Ten states impose restrictions on assisted living facilities which are identical to those established by CMS for nursing facilities, while other states are mixed in whether they require or recommend adherence to the guidelines in one or more of these areas (Table 1). A handful of states have not issued any guidance in one or more of these areas as of June 1, 2020, including one state (South Dakota) with no guidance issued in any of the three areas.

  • Visitors. More than half of all assisted living facilities in states and DC prohibit visitors (26 states plus DC), while 21 states recommend that assisted living facilities prohibit visitors, and two states provide no guidance on visitation to assisted living facilities (Figure 1).
  • Staff screening. More states recommend than require daily screening of staff for illness in assisted living facilities: 27 states recommend, and 17 states plus DC have this requirement. Six states have not issued guidance related to staff screening.
  • Use of personal protective equipment. More states recommend rather than require staff to use PPE in assisted living facilities: 27 states recommend, and 16 states plus DC require. Seven states have issued no guidance related to PPE use.

Figure 1: More Than Half of States and DC Prohibit Visitation to Assisted Living Facilities To Curb Coronavirus Infections; More Recommend Rather Than Require Screening and Use of PPE in ALFs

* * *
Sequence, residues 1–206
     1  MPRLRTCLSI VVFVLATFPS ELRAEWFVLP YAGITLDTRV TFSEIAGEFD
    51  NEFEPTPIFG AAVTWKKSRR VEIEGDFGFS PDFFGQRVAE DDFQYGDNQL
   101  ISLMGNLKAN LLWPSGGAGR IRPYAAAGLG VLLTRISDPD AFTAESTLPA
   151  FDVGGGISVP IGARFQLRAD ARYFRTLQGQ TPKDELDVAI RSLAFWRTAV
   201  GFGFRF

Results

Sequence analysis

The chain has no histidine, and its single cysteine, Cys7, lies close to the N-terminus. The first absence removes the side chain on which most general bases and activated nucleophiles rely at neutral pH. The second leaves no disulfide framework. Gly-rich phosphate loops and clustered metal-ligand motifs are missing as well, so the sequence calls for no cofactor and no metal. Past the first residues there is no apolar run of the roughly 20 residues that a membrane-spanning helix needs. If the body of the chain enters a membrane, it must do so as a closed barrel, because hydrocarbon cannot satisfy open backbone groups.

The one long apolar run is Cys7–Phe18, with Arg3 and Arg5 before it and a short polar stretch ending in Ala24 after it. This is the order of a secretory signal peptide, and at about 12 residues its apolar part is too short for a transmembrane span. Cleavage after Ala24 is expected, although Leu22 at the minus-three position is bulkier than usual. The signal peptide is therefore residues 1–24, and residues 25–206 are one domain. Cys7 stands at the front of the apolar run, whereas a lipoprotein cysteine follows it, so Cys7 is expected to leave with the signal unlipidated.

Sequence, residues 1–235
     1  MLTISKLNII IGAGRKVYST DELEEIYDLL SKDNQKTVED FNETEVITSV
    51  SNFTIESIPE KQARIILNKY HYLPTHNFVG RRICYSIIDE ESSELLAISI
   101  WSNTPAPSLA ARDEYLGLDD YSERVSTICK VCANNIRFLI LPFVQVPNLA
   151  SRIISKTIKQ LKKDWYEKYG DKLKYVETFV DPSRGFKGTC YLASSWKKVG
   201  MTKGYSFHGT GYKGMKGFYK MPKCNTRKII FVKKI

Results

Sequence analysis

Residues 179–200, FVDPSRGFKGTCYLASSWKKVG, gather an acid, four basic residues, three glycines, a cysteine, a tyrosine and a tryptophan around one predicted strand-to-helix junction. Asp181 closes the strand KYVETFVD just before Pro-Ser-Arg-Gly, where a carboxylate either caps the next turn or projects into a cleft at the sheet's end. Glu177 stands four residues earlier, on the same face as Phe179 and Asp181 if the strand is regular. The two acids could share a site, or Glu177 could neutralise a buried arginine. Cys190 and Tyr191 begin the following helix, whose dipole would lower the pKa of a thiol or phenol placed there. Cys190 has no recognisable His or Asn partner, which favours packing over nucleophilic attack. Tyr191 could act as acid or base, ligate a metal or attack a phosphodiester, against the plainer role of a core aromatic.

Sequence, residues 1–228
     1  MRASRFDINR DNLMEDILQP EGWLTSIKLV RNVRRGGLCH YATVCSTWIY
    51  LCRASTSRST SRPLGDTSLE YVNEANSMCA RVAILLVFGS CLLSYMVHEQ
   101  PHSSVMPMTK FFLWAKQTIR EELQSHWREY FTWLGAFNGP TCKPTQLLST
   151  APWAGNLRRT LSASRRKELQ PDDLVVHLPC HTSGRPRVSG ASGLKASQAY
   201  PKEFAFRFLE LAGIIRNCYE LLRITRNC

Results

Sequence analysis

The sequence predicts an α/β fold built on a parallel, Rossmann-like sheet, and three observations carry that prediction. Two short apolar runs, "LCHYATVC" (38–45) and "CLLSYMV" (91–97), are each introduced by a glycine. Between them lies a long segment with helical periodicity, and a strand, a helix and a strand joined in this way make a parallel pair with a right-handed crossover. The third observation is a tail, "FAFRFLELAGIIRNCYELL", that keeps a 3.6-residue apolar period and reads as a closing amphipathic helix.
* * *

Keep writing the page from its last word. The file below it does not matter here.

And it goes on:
Relatively Few States Report COVID-19 Cases and Deaths Separately for Assisted Living Facilities

Our analysis shows that, as of June 8, 2020, 16 states report COVID-19 data for assisted living facilities, including 11 states that report data for assisted living facilities as its own category [CO, CT, FL, MA, MS, ND, NV, OH, RI, TX, UT] and five states that report COVID-19 data for assisted living facilities with congregate settings other than nursing homes, which are separately reported [CA, LA, NC, NY, SC]. Our analysis does not include data for the 23 states and DC that do not report COVID-19 data for assisted living facilities separately from nursing facilities; seven states that report data for nursing facilities, but not for assisted living facilities; and four states that do not report any state-level data.

COVID-19 Cases in Assisted Living Facilities